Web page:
Saturday, March 12, 2016


Well-treated, included, but no one 
has my features. This dinner, this occasion, 
is glutted with members of a family I’m familiar with 
but is not mine. I’ve accepted an invitation, 
an assumption. It’s a long story in years but not 
in the telling, although I’m grateful for acknowledgment,
if not emotion. I accept what is offered 
and ask for no more.

No one’s fault—as if being born
in the hills of a drastic country. By age ten 
you are what you’ll become, and you can consume
it, as most do, or spend a lifetime rejecting it.
My freedom was thrust upon me by tragedy—
the details are unessential—but I grew into 
my freedom or it into me, or, rather, splashed 
around in its waters—and still do—but never 
quite owned it. One turbulence replaces 

I know faces but not names, nor who 
belongs to whom, whose child is that, 
whose wife? And why have I come? Something
fractured about family life, more so 
when the family’s not yours, not even your friends.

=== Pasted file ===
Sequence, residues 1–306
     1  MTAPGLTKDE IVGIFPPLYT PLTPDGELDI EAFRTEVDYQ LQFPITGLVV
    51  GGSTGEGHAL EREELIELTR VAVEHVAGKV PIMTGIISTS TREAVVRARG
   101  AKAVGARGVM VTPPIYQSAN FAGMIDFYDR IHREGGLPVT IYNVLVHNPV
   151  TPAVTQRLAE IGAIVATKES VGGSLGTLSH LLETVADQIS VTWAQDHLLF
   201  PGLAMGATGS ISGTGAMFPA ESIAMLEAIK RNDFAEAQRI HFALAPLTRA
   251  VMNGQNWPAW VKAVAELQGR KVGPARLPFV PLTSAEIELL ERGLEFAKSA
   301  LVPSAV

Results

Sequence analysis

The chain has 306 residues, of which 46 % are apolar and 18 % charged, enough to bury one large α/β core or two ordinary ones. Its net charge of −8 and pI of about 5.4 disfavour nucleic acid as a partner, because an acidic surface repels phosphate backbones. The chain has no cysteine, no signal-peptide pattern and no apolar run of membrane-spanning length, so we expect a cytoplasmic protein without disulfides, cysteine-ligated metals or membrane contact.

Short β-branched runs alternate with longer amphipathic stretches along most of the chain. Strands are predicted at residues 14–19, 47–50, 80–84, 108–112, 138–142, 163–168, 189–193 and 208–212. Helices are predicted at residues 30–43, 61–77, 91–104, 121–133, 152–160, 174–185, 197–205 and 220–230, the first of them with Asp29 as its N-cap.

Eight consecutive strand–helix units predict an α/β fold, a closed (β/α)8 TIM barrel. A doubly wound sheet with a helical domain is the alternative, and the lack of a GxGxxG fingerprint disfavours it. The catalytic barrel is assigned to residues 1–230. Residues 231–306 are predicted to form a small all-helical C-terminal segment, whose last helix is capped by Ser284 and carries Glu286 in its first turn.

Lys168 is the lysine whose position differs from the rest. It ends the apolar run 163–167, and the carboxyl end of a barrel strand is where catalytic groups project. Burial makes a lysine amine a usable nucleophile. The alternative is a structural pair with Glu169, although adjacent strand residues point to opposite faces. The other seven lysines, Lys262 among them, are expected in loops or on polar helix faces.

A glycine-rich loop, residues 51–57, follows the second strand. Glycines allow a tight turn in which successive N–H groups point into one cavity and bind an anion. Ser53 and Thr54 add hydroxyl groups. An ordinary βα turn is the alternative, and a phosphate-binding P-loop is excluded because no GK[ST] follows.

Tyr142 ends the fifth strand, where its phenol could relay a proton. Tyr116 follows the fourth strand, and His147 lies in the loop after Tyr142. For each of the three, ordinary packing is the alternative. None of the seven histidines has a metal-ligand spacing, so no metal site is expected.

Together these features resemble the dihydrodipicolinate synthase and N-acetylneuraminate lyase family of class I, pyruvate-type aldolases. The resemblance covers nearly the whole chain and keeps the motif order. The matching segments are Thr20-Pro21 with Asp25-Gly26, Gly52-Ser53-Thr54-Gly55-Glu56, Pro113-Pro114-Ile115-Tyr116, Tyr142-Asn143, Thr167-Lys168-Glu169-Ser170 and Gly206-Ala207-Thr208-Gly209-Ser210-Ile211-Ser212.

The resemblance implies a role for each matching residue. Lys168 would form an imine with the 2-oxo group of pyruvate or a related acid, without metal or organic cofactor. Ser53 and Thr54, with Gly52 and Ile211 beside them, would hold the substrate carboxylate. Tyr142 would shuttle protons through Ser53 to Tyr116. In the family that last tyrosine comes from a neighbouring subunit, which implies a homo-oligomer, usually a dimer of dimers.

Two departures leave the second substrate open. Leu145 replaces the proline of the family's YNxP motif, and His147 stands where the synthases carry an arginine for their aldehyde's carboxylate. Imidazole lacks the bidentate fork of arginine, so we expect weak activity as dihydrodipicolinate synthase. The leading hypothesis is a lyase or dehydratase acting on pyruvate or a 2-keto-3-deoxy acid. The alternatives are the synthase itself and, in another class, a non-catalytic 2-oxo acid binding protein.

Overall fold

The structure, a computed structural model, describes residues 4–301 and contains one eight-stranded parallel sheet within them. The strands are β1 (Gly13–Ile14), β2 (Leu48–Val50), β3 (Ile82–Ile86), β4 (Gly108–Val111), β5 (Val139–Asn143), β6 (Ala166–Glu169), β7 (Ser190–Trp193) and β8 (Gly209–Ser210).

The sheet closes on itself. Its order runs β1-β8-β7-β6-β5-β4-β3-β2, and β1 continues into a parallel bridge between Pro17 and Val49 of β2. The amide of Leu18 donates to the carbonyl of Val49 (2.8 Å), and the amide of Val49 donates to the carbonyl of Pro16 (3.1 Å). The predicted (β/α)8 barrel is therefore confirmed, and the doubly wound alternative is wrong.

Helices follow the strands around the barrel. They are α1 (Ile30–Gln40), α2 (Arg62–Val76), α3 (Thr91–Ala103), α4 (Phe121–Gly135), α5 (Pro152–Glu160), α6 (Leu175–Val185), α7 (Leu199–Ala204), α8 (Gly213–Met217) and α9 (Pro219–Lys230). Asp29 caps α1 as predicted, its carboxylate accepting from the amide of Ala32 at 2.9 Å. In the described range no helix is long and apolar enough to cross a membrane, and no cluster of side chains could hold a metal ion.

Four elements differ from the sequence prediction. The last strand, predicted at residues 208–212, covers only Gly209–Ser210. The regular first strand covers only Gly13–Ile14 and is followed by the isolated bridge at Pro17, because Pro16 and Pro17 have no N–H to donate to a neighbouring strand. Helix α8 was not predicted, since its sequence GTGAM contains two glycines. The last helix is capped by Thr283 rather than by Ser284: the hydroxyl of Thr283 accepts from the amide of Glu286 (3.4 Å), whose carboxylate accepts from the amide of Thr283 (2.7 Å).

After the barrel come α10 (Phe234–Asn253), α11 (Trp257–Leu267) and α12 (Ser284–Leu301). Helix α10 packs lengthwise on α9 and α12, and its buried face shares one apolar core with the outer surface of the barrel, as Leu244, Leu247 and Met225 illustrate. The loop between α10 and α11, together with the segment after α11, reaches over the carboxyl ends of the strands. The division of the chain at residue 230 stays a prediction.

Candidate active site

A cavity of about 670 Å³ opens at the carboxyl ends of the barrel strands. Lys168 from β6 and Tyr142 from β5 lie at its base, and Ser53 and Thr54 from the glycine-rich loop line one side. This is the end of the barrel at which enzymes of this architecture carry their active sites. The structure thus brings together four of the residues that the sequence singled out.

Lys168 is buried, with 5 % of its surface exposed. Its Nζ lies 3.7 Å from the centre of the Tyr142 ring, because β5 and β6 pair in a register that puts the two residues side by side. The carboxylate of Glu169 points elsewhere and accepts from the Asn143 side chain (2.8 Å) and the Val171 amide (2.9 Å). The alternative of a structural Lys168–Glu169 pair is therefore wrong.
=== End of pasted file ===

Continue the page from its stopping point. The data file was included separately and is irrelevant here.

I smile, remain silent, on occasional life
breathing into me, but I never release,
for who am I to express an opinion? We had
a short past—a few years—but no 
present, nothing ongoing, no commonality.
Restrain and be temperate. Are my sentiments shared 
by the others? I can’t say, although my discomfort 
might be less obvious than I think.

I eat, laugh, object mildly on a point—
have we a  language in common? I suppose so,
somewhere, but not here. More than a guest 
but less than a brother.

I stay longer than I should. The emptiness
of potential, my needs almost inflaming my skin,
but I won’t request what I won’t be given. I thank
everyone, say goodnight, and leave.

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